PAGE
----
Running Head: TRADITIONAL FOOD STORAGE METHODS
Matt responded that he wanted to use it for his garden.He is planning on growing largequantities of produce and wants to store it so it does not spoil. He is interested in foods that weretraditionally grown in particular cultures, and most importantly, the storage of those foods. Withregards to the format, he said books and online sources were fine, the most important thing wasthat the material had good visual aids and were very detailed with lots of examples(M. Linden,personal communication, April, 23, 2010). I restated what I understood his information need tobe (information and directions about traditional food storage methods for a personal garden¶sbounty, represented textually and visually in a detailed way, with an interest in any effectiveformat) and we agreed that we were both on the same page. I was resolved to find my clientsome good, detailed food preservation information.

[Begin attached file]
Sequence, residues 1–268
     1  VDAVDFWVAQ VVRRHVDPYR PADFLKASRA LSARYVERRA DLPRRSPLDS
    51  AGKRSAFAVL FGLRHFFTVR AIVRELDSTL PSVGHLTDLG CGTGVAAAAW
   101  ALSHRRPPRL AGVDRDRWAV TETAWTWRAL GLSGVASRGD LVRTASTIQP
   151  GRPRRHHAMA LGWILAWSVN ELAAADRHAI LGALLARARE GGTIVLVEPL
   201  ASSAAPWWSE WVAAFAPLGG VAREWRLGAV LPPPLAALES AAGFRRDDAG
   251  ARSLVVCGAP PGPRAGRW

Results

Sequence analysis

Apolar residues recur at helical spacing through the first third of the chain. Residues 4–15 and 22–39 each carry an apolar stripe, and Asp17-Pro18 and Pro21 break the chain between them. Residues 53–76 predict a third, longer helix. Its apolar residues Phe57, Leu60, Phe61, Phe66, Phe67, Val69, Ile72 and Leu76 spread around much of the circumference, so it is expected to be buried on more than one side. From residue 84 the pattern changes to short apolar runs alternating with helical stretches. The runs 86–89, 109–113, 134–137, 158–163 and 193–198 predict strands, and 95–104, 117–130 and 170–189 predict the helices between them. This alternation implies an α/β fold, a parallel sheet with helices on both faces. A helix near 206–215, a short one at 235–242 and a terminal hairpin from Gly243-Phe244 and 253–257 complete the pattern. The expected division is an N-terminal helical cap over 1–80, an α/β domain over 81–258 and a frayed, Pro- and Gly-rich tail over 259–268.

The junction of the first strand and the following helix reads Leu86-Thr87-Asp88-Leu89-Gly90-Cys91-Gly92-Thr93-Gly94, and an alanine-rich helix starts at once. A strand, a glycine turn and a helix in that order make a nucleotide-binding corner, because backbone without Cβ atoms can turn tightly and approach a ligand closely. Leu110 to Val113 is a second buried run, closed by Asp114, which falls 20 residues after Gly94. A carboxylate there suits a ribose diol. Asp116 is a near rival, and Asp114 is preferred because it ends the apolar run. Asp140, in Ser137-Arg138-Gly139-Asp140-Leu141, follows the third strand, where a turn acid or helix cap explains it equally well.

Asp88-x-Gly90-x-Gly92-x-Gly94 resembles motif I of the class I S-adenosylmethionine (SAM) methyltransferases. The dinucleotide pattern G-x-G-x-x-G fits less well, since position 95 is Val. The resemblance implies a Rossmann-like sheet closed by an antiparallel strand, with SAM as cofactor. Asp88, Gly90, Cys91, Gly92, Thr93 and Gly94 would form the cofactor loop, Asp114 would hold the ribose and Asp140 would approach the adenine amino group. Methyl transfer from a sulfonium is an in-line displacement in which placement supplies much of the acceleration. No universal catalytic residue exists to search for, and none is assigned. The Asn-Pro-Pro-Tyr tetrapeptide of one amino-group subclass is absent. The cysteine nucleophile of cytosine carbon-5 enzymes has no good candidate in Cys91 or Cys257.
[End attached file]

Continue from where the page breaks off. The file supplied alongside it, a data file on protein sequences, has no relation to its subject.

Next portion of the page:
After the client interview, my next step was to develop and conduct a search for myclient¶s information needs. I decided that I would start by doing a relaxed Google search, just toget more familiar with the topics, and then I would move from there to DIALOG in order to testthe subject terms I had gathered. After fleshing those two options out, my plan was to then moveto some library catalogs and online booksellers to find some books. I planned to allow myself theflexibility to restructure my search as needed.I began with some Googling. I searched the internet to find some websites dealingwith traditional food preservation, like pickling, canning, drying and root cellaring. My clienthad a loose definition of traditional. Geographically, he was most interested in Eurasian andNative/North American techniques, with no particular emphasis on strict time periods, as long asthe methods were culturally traditional. This was vague and allowed for a lot of information hits,